NEW ORLEANS — For the historical college football programs, the best years are like the best players. They are past you before you can blink. They are gone before you can fully appreciate their impact.
It is that way at the University of Florida, too. There have been seasons about championships, and seasons about awards, and yes, seasons about disappointment. There was the year Steve Spurrier won his Heisman, and the year Danny Wuerffel won his, and the year Tim Tebow won his. There was the season Spurrier won his national title as coach, and the two years that Urban Meyer won his.
Then there was 2012.
That was the year the Gators (11-1) learned to ball their fist again.
More than anything, that's what this season meant for the Gators. These were not the slickest Gators, or the most elusive, or the fastest. They were not particularly ballyhooed. They did not make scouts drool as they approached.
On the other hand, they were as tough as a day's work. They were hard, and they were relentless, and they didn't mind a little blood on their knuckles. They were scrap iron and barbed wire and lunch pails.
As legacies go, that isn't a bad one.
They brought the tough back. This Gators team didn't win a title, and they didn't have a player who captured the fancy of a nation. If you are to remember this season at all, and you should, it will be because of the way the identity of this team changed. From now on, this is who they are. They believe in the power run. They believe in being strong in the final quarter. They believe in wearing down their opponents.
From the sound of it, they believe the SEC might as well get used to it.
It was just over a year ago when Will Muschamp, the Florida coach, looked at his team and decided it was, well, cuddly. Congenial, even. Understand, the last thing a team wants to hear from its coach is that it is soft, because even the softest teams think they are carved from granite.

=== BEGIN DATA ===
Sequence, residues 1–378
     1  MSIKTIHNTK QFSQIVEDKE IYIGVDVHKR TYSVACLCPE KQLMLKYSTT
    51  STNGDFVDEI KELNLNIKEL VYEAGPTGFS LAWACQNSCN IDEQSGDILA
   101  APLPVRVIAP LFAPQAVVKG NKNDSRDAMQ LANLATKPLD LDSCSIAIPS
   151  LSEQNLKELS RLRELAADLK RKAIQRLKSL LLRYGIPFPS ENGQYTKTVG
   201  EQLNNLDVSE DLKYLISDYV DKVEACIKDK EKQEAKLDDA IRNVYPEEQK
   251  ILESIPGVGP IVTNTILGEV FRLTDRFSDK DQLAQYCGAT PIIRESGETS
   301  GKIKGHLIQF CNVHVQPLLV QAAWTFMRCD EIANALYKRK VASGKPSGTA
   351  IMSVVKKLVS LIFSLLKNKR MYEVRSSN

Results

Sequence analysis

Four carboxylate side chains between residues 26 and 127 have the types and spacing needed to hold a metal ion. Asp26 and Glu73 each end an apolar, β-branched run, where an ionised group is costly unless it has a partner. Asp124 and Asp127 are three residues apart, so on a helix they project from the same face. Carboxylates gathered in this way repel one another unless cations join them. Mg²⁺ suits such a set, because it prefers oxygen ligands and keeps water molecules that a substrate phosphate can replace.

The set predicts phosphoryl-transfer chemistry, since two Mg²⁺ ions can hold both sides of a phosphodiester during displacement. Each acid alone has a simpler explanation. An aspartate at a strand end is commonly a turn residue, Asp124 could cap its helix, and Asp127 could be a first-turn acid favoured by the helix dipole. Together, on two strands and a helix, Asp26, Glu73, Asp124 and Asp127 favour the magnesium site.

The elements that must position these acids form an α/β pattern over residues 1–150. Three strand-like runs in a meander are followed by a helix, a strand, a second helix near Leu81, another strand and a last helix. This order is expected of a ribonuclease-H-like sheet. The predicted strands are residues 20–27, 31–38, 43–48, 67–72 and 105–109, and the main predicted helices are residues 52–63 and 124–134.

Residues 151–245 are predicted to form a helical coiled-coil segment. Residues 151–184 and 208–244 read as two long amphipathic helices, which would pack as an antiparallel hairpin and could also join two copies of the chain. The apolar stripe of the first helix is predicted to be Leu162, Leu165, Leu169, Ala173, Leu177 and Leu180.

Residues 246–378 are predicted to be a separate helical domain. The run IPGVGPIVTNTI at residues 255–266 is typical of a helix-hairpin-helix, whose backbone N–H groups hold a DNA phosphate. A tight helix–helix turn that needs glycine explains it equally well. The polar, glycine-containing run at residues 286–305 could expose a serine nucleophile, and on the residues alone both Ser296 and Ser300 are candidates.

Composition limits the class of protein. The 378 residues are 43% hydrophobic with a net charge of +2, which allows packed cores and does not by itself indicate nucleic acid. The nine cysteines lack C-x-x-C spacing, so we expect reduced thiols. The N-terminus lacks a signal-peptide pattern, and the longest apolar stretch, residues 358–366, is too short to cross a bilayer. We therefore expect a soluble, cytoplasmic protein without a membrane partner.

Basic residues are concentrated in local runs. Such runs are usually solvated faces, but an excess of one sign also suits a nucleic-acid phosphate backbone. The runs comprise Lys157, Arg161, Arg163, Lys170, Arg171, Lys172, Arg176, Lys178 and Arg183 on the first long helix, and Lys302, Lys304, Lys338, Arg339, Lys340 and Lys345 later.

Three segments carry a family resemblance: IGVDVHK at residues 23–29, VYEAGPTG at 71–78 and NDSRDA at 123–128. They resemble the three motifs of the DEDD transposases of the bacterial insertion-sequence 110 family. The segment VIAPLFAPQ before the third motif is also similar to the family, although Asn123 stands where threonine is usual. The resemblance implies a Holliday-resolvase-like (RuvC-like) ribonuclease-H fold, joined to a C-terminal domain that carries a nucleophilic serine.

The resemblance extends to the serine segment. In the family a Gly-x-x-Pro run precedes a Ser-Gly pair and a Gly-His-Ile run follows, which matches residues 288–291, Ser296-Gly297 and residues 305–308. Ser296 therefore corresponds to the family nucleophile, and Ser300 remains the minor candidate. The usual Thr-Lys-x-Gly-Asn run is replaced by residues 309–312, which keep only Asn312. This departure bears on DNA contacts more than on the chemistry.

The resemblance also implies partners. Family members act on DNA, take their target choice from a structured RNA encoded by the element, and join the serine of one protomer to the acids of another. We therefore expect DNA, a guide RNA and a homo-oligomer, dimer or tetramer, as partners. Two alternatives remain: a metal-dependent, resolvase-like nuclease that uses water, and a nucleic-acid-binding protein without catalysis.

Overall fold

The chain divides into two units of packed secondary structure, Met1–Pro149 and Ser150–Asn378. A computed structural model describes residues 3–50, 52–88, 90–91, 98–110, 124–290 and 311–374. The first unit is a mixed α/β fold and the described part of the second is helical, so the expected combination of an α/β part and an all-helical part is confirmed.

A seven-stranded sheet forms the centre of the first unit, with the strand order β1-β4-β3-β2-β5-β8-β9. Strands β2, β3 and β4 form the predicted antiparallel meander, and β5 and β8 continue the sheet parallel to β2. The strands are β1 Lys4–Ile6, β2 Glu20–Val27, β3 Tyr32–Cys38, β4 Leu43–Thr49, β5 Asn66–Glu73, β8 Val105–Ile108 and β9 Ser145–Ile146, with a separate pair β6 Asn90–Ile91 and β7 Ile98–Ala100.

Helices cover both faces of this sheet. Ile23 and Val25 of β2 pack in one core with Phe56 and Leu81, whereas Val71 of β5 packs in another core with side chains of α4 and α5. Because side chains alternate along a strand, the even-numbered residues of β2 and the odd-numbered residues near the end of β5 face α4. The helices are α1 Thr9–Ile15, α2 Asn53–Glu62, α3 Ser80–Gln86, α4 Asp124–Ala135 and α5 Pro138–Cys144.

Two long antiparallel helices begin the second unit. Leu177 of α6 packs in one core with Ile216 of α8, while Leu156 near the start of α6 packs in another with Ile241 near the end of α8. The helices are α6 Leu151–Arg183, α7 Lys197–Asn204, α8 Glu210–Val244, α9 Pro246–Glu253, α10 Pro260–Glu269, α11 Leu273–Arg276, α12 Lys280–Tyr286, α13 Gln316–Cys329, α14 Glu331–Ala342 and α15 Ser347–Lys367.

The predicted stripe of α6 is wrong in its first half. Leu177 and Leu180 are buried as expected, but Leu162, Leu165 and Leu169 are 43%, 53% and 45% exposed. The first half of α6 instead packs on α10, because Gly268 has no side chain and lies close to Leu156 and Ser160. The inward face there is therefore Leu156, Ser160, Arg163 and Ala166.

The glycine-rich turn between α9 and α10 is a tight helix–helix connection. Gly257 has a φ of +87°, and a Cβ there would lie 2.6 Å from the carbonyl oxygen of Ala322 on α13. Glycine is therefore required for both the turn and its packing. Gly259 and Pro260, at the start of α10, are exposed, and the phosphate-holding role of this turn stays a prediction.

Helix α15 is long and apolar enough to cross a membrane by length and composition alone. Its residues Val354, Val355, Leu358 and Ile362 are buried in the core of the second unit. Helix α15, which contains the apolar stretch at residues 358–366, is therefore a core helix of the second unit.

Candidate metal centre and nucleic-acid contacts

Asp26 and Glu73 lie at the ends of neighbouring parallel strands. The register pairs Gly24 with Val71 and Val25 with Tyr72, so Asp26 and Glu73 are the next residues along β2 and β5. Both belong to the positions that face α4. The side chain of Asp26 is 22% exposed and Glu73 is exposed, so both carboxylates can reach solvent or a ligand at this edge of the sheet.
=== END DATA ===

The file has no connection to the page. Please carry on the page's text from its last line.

"You can't talk about being physical," Muschamp said Wednesday morning. "You can't convince yourself you're physical. You've got to practice that way.
"Last year, we were so lacking in depth, especially in the offensive line, that one or two injuries could have put us in a really tough situation. When we went into practice last year for the Gator Bowl, I said 'the heck with it. If we have an injury, we have an injury, but we're going to practice physical.' "
Over the offseason, Muschamp drove his players crazy — and into the weight room — by reminding them just far they were from being tough enough. Say this for Muschamp: No one has accused him of being too subtle to get his message across.
"I felt like I was challenged," said safety Matt Elam. "So I had to show him. You understand. I had to show him I wasn't soft to prove a point."
It took hold. Florida came from behind eight times to win, including three in the final quarter. In the Gators' biggest victories this season — LSU, South Carolina, FSU — the Gators were by far the better team in the late going.
Somewhere along the line, the Florida players started to believe they were the tougher team, and that in the end, it was going to pay off. Somewhere along the line, opposing teams believed it, too.
That's what physical teams do. They grind away the energy, and the will, of the opposing team. By the fourth quarter, the offensive line begins to open holes, and the running backs find daylight, and the defense seems to have the offense outnumbered. Turnovers happen. Big plays happen. Victory happens.
"Aside from the wins, the really pleasing thing to me is winning the fourth quarter," Muschamp said.
For Florida fans, it has been some time since they have seen this sort of toughness. Spurrier's best teams were about the Fun 'N' Gun, and no one was better at making sure his receivers got behind the other team's defensive backs. Meyer's best days were about daring someone to stop Tim Tebow.
Oh, there have been a lot of tough players at Florida over the years. Kevin Carter. Carlos Dunlap. Brandon Spikes. But to find this sort of collective toughness, you might have to go back to the Wilbur Marshall-and-company days of the 1980s.
As for next year? Who knows? Odds are, Muschamp finds new buttons to push. Maybe he'll wonder aloud if the team will grow complacent. Maybe he'll leave teddy bears in every locker.
Just a hunch, but odds are that next year's Florida team will be tough, too.